I’m a behavioral neuroscientist with experience working with rodent, non-human primate and human populations. The majority of my work to date has been focused on examining how brain connectivity in early life impacts future behaviors and risk for psychopathology. To this end, I am interested in how regulatory processes can modify experiences of fear and stress. I am particularly interested in investigating the effectiveness of non-pharmaceutical interventions. In my free time I enjoy traveling, hiking, playing video games and attempting to learn more about my culture and family through my Indian cuisine attempts.
Why do you teach at Earlham?
I believe that Earlham is a college with faculty and staff who genuinely care about their students and actively support diversity. The small class sizes allow me to get to know students individually which helps me cater to their individual learning needs and interests. The diverse population at the college also provides unique perspectives that enrich discussions inside and outside the classroom.
- Post Doctoral Associate, Department of Psychiatry, University of Vermont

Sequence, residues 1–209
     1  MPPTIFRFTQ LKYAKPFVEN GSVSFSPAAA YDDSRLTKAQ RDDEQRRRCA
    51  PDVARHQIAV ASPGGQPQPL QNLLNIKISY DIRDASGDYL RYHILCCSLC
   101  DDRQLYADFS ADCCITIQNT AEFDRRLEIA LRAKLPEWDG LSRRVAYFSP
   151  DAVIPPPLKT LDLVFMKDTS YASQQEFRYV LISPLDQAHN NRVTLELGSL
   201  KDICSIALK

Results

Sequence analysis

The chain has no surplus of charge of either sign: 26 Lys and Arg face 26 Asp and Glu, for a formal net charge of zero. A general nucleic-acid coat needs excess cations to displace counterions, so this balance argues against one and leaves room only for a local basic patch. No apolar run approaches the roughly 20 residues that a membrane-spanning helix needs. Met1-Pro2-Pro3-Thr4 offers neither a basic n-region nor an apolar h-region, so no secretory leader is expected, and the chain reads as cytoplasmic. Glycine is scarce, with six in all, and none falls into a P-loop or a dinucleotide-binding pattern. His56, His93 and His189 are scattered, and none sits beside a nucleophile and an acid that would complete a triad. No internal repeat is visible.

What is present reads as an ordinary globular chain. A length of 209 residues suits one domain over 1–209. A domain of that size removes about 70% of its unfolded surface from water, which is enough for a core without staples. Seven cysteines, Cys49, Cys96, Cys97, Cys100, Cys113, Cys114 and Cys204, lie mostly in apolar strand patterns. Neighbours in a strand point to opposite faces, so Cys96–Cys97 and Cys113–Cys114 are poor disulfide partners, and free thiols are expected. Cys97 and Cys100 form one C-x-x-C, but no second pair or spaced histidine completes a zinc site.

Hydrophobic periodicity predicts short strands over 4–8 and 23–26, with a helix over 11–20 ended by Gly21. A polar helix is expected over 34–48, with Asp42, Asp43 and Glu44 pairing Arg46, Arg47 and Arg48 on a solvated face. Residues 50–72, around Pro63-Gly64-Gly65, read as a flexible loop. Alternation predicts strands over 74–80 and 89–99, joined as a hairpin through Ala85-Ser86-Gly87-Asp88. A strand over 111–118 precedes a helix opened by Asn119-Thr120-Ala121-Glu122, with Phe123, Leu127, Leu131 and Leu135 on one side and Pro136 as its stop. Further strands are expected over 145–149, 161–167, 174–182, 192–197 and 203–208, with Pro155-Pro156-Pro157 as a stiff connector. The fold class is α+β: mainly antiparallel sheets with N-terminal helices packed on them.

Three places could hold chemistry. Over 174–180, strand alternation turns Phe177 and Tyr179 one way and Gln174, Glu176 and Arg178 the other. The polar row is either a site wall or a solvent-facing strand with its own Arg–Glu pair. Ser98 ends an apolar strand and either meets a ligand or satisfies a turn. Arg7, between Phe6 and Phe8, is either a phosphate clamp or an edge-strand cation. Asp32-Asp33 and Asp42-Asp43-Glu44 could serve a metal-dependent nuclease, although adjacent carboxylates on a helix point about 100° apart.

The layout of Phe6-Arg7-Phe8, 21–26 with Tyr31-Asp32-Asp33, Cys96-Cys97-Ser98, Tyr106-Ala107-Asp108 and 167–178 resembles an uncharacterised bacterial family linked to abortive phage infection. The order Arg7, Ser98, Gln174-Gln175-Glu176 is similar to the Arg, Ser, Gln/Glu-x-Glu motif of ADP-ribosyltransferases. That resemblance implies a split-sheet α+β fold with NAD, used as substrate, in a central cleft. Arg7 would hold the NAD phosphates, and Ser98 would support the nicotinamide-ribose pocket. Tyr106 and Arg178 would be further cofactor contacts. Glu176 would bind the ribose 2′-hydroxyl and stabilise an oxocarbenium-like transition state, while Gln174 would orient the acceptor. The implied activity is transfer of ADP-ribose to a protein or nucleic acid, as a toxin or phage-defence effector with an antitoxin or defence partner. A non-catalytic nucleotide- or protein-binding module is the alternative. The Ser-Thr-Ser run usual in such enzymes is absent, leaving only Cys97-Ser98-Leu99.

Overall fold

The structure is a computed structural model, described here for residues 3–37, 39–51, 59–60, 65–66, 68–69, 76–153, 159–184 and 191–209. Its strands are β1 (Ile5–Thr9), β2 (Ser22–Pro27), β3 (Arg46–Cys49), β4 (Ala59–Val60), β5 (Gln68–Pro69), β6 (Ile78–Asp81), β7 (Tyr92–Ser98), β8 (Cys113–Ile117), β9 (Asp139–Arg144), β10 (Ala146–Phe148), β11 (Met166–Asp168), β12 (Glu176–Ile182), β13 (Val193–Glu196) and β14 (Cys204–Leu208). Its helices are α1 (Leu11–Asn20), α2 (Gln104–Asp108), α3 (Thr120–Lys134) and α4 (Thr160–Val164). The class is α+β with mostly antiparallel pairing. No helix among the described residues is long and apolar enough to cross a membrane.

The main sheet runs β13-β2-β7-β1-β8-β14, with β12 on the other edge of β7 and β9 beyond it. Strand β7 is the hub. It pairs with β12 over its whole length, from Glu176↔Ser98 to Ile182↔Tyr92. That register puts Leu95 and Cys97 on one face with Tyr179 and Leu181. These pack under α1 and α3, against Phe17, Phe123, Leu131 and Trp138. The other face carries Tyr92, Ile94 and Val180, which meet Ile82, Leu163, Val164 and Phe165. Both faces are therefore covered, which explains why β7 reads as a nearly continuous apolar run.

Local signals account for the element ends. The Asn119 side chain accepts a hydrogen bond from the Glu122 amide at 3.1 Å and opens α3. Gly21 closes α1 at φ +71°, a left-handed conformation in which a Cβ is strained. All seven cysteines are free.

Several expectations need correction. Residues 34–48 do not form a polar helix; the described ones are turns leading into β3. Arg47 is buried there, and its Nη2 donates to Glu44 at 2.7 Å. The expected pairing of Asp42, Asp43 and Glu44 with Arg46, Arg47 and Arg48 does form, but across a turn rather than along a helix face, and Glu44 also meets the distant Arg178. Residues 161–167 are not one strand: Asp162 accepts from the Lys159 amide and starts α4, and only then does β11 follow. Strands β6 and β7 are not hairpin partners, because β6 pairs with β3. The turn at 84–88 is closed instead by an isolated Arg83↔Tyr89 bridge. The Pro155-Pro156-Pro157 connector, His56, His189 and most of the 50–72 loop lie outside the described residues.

- Ph.D. Behavioral Neuroscience, Oregon Health and Science University
- Masters in Physiology, North Carolina State University
- Bachelors in Psychology, Minor in Biology, North Carolina State University
The majority of my research uses functional MRI and resting state functional connectivity MRI data to examine associations between the brain and various behaviors that predict risk for poor health outcomes. Part of this work involves exploring ways to better characterize individuals at risk to help guide future diagnostic, therapeutic and genetic studies. The overarching goal of my work is to improve cognitive and emotional health across the lifespan.
A full list of publications can be found on my Google Scholar profile.